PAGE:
- Bake 20 minutes or until cheesecake is completely set.
- Cool, then refrigerate.
- Cut into 16 squares and separate.
- Sprinkle the tops of each square with 1 teaspoon of sugar and spread around with finger to evenly distribute sugar. Torch the tops until the sugar melts and turns an amber color. (If you don’t have a torch, place under the broiler.)
Let the top cool for a few minutes, then serve immediately.
Cloudberry jam swirled into these buttery scones creates an attractive twist on a breakfast, brunch or snack-time favorite.
With our date for departing Point Hope set for less than four weeks from now, we still have several jars of cloudberry jam on hand. I went to bed last contemplating creative ways to use this luscious pantry item and woke this morning inspired: Why not roll the scone dough jelly roll-style?
Since traditional scones dough is not very sweet, it lends itself to the savory or the sweet depending on what is mixed into it. This recipe would work nicely with any type of jam or savory spread.
Swirled Cloudberry Jam Scones
- 2 cups all purpose flour
- 1/3 cup granulated sugar
- 1 tsp baking powder
- 1/4 tsp baking soda
- pinch salt
- 1 stick (1/2 cup) frozen unsalted butter
- 2 eggs
- 1/2 cup unflavored yogurt
- cold water
- 3/4 cup cloudberry jam
- Preheat oven to 400 degrees F. Line a baking sheet with parchment paper. Set aside.
- In a medium bowl, whisk together flour, sugar, baking powder, baking soda and salt.
- Grate frozen butter into flour mixture. Stir well.
- Whisk together eggs and yogurt.
- Pour yogurt mixture into flour mixture and knead together. Mixture will be sticky.
- Add cold water to mixture while kneading, a tablespoon at a time, until dough comes together.
- Turn dough onto lightly floured surface.
- Roll dough into a rectangle. Dough should be about 1/2 inch thick.
- Spread jam onto rectangle, avoiding edges.
- Roll dough up jelly roll-style.
- Cut log into 3/4 inch pieces.
- Place cut scones onto parchment-lined baking sheet.
- Bake until golden, about 15 minutes.
- Let cool a few minutes before serving.
- Serve with lemon curd and a freshly brewed cup of coffee.
This moist, flavorful cake topped with crunchy pecan streusel is ready for a hot cup of joe. Four bananas per loaf make for a fairly nutritious slice, as cakes go, and a good excuse for seconds!
If you read about our banana mochi bread, you’ll know we are experimenting with the bounty of black bananas recently bestowed upon us! After sampling the banana mochi bread, Jack “requested” the next creation contain nuts. (He made me strike the phrase “petulantly demanded.” Editors… sigh.) To satisfy his request, this recipe for banana coffee cake included pecans in the batter and also as part of the topping. Jack said, “Mmmmm.” Guess that was the best compliment he could muster with his mouth full. One loaf went in the freezer, and one remains out for tomorrow’s breakfast.
Banana Coffee Cake
- 1/2 cup unsalted butter, softened
- 1 cup granulated sugar
- 3 eggs
- 1 tsp vanilla extract
- 4 bananas, mashed
- 2 cups all-purpose flour
- 1 tsp baking soda
- 1 tsp baking powder
- pinch salt
- 3/4 cup chopped pecans
- 1/4 cup soy milk (regular milk would work, too)
- 1/4 cup all-purpose flour
- 1/4 cup brown sugar
- 1/4 cup granulated sugar
- generous tsp ground cinnamon
- 2 tbsp unsalted butter, softened
- 3/4 cup chopped pecans
- Preheat oven to 350 degrees F. Grease two 9″ x 5″ loaf pans. Set aside.
- In a medium bowl, combine flour, baking soda, baking powder, and salt. Whisk together until well blended.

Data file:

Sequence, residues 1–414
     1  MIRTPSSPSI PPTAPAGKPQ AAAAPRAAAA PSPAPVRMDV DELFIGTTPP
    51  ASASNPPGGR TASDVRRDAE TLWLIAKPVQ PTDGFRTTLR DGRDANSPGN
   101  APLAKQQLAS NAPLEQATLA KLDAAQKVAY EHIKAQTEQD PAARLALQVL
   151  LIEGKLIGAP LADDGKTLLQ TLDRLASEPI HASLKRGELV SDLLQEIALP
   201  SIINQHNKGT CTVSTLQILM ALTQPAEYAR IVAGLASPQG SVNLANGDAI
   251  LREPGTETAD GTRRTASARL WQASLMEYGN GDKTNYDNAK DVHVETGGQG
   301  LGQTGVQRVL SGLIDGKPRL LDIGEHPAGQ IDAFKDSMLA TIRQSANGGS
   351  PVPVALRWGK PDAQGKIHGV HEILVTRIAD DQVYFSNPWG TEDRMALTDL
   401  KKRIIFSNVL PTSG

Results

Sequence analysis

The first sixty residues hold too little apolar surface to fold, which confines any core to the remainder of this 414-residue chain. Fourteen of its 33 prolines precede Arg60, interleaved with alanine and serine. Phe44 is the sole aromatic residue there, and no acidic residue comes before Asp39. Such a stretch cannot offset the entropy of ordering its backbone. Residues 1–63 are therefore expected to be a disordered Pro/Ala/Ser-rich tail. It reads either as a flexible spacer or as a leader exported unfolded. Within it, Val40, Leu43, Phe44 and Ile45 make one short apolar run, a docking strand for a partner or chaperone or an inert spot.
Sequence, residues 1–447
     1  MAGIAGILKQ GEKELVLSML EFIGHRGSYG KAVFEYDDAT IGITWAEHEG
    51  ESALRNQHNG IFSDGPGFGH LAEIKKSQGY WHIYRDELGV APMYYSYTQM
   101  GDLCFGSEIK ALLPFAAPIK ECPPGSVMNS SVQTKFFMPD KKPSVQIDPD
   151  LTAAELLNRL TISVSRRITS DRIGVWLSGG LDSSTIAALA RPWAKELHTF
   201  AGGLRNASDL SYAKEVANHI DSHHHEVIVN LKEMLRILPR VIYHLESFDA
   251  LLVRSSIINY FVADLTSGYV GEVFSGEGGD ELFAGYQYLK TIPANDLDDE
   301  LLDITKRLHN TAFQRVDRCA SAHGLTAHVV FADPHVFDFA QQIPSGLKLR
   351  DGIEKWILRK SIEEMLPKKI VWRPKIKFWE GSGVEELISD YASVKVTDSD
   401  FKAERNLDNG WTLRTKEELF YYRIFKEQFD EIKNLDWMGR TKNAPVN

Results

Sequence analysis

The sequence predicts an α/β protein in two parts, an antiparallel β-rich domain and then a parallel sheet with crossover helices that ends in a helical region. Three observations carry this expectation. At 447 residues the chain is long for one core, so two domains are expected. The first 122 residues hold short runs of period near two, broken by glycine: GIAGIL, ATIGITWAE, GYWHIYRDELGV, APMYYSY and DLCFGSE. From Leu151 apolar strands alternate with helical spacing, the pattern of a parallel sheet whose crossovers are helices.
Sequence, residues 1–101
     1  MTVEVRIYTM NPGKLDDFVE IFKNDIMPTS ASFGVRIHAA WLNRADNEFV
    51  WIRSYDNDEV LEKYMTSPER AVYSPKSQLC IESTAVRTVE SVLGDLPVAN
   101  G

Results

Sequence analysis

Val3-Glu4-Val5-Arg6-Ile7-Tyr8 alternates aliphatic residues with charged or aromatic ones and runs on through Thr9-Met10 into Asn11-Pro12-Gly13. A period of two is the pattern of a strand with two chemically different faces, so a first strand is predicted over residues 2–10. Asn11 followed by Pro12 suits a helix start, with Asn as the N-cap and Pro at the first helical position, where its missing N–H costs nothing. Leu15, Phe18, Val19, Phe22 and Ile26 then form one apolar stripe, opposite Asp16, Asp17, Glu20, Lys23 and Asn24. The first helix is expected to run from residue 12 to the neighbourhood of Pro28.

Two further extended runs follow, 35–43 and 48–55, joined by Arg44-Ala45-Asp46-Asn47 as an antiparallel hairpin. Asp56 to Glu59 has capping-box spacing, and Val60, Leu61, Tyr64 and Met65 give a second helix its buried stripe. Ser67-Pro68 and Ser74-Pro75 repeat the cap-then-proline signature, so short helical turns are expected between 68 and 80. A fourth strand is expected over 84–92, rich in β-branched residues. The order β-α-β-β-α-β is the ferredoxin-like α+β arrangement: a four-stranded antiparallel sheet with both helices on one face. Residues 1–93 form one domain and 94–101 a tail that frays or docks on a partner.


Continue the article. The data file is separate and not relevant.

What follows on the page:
- Using a stand mixer, beat butter and sugar until combined.
- Add eggs and vanilla, beat until combined.
- Add bananas and milk, beat until combined.
- Add flour mixture to banana mixture and mix until just combined.
- Pour half the batter in each loaf pan.
- In a small bowl, mix together topping ingredients.
- Crumble half of topping mixture on top of batter in each loaf pan.
- Bake for 25-30 minutes.
- Let cool on wire racks.
- Enjoy while still warm with a fresh cup of joe.
A delicious way to use the unusable, banana mochi bread has the moistness and flavor of banana and the dense, rich texture of mochi cake. Slathered with cream cheese this is a delicious afternoon snack.
Guided by a philosophy of not wanting to waste anything, we are sometimes the recipients of fruit past its prime. This week boxes of bananas arrived for snacks for our students at Tikigaq School in Point Hope, Alaska. Unfortunately, many had frozen on the plane on the way up. Most people will not eat thawed-out, blackened bananas. And then there are people like us.
The obvious response to these bananas was banana bread. I have a tried and true fruit bread recipe which I’ve used for bananas, blueberries, cloudberries, and pears. But this is the time of year to be a bit more creative in order to use up pantry items. With this in mind, I give you mochi banana bread. Mochi is a Japanese creation which uses sweet rice flour to make a dense, rich, but not-too-sweet dessert. With previous success baking a chocolate mochi cake, I wanted to give bananas a try.
The results of this experiment were a sugary-crisp crust enclosing the nicely dense banana bread I was going for. Blog worth! (Of course, we only publish the good stuff!)
Banana Mochi Bread
- 1 1/4 cup all-purpose flour
- 1 1/4 cup mochiko (sweet rice flour)
- 1 1/2 tsp baking soda
- 1 1/2 tsp ground cinnamon
- pinch salt
- 1 1/2 cups smashed overripe bananas (about 6)
- 3 eggs
- 1/2 cup brown sugar
- 1/2 cup vegetable oil (substituting applesauce will lighten the bread)
- 1 tsp Penzeys double strength vanilla extract (or 2 tsp regular vanilla extract)
- Preheat oven to 350 degrees F. Grease 9″ x 5″ loaf pan. Set aside.
- In a medium bowl, thoroughly mix dry ingredients.
- In bowl of stand mixer, mix together all wet ingredients until thoroughly mixed.
- Stir dry ingredients into wet. Mix until just incorporated.
- Pour batter into loaf pan.
- Bake for 55 – 60 minutes, until toothpick inserted in center of cake comes out clean.
- Cool loaf pan on wire rack until it can be handled. Then remove loaf from pan and continue cooling on wire rack.